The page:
Dining: Gathering Places

Three new additions to Honolulu's dining scene focus on cozy, neighborhood-friendly experiences.


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As you may have guessed by now, Kai Market’s thing is to offer to guests who may not have a clue about—or even care—the foods that everyone in Hawai‘i eats all the time. “Food from seven cultures!” our waiter said repeatedly, though his cultural grip slackened a bit when he insisted vinha d’ahlos was Filipino food.

Of all the cultural offerings, the one that worked best was the Chinatown roast duck, which tasted exactly as it would if you bought it from a stand in Chinatown. It came complete with hoisin sauce, slivers of green onion, a steamer full of bao and some of the best cilantro I’ve ever tasted. I was hoping it was plucked off the wall covered in fresh herbs, but apparently it was micro cilantro from Nalo Farms.

I suppose the haole were well-represented by the prime rib at the carving station and the Japanese by a two-foot fillet of sea bass (hapu‘upu‘u) that tasted for all the world like miso butterfish, with that tasty half-sweet glaze on top.

Even the sides were beautiful: an array of oven-roasted vegetables tossed with herbs (hopefully from the wall), plus some creamy and not terribly garlicky garlic mashed potatoes, and a big wok full of fried rice. It wasn’t bad fried rice, and it supposedly contained Kukui Brand kim chee and Portuguese sausage, but it was awfully bland—a criticism that might be applied to much of the buffet. It was Hawai‘i food, all right, but lacking the flavors that make our food stand out.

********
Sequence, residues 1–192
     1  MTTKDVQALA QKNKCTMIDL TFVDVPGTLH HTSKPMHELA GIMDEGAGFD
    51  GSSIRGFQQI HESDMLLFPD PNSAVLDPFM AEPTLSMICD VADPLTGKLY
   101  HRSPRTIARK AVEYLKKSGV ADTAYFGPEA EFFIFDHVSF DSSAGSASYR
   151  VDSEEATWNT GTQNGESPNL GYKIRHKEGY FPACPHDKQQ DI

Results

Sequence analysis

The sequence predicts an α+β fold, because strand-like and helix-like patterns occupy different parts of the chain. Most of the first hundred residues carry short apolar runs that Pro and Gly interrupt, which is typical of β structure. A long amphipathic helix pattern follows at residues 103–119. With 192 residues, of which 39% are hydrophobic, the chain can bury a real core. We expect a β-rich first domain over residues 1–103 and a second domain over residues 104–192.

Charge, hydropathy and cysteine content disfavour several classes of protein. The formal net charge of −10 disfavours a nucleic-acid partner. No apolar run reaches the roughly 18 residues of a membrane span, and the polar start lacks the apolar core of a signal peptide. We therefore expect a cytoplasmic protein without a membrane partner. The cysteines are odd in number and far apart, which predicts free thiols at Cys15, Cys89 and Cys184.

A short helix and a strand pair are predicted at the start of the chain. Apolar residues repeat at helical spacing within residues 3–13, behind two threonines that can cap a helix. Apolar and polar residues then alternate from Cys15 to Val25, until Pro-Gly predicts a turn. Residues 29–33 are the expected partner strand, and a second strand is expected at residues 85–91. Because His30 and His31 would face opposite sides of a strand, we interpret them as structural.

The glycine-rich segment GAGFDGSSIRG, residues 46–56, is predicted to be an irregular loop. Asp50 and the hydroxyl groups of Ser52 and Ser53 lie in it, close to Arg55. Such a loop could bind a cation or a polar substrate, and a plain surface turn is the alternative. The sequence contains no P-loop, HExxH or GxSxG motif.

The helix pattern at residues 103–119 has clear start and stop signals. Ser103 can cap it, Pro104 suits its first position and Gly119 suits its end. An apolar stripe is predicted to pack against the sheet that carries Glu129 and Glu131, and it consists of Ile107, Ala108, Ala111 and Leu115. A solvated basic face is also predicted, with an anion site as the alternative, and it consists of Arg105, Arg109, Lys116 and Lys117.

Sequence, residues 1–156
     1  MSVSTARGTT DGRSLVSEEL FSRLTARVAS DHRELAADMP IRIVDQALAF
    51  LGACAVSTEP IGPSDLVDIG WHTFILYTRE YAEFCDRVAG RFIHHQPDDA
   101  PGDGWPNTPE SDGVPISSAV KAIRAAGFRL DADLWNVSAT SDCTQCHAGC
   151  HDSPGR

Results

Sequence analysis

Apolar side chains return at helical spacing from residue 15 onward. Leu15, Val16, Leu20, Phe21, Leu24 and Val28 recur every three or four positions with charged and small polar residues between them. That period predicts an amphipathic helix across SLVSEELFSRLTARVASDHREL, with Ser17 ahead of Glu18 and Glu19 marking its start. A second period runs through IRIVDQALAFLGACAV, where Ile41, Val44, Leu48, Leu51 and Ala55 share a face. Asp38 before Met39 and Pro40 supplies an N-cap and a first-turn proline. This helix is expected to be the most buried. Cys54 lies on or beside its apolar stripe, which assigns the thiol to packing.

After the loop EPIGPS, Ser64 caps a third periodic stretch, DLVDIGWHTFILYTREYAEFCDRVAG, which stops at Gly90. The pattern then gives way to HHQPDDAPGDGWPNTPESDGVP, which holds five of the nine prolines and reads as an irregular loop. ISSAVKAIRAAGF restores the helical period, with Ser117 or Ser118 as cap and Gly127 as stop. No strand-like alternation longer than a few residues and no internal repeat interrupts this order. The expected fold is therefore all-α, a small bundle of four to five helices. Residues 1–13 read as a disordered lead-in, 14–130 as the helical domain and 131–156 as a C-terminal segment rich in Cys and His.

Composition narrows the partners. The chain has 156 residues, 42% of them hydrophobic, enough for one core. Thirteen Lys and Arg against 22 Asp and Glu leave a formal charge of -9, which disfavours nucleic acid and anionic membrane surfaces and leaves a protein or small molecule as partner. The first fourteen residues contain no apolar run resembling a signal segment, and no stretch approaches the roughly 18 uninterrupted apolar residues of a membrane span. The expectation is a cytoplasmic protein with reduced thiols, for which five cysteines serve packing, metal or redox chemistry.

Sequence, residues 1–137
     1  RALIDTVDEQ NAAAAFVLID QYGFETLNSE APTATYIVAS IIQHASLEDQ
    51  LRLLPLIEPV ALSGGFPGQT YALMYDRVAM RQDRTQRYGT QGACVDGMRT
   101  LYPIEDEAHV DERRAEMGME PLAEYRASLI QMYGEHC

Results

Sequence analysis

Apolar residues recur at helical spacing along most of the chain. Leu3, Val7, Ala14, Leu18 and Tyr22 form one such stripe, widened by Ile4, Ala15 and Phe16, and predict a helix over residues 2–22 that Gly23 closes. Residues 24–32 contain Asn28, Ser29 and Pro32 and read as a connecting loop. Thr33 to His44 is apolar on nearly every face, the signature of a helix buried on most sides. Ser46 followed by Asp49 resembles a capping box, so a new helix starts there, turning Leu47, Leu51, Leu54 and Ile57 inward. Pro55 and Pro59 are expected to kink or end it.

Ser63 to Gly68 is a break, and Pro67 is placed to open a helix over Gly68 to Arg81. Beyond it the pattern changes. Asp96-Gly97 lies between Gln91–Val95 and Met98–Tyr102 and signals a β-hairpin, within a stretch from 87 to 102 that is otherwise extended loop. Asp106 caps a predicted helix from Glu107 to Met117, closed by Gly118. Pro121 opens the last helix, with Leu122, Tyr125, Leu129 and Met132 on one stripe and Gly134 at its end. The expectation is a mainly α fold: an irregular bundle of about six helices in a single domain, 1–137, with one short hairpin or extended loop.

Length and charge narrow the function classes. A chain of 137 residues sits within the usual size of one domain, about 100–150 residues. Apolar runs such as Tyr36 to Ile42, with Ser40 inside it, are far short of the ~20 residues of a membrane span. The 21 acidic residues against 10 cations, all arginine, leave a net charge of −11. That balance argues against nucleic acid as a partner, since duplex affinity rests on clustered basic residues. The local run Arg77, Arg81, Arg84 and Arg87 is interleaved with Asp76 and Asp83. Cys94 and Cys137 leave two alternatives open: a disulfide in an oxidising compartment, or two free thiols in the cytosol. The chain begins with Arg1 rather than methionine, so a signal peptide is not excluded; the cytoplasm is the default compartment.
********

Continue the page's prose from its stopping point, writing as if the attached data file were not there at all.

Still, Kai Market is trying. To let one detail speak for the rest, the vegetables in the fried rice were fresh, but they were carefully cut to look like they’d come out of the bag frozen, like most of the fried rice you get all over town.

At this point, I set down my pen, notebook, fork and chopsticks, thinking I was pau. Foolish man. My wife and daughter were ready for dessert, and, in fact, passed up the small plates at the dessert buffet and instead equipped themselves with the bigger plates used for entrées.

Our table was soon laden with sweets of all cultures and varieties. I have been at buffets where the desserts looked pretty good, but all tasted pretty much the same. These were all different and all good. Too many to mention, but fresh, really fresh, coconut mochi, passion fruit flan, chocolate pot au crème with whipped cream and raspberries, gooey rich pao doce bread pudding, and—I’m sorry, Anna Miller’s, and don’t even mention Ted’s Bakery to me—the best, richest, freshest chocolate haupia pie I have ever tasted.

That’s not to mention the assortment of Satura Cakes “cupcakes,” which have so much whipped icing piled on top, they come in cups, like ice cream.

On top of that, Kai Market was an incredible bargain. Make a reservation, not that you need one in a restaurant this large, but it gives you a chance to tell them you live here. The buffet costs $49, but kids under 12 eat free. (One child per paying adult). However, if you’re a local resident, you get 25 percent off, so the buffet is only $36.75. And soft drinks and parking are free.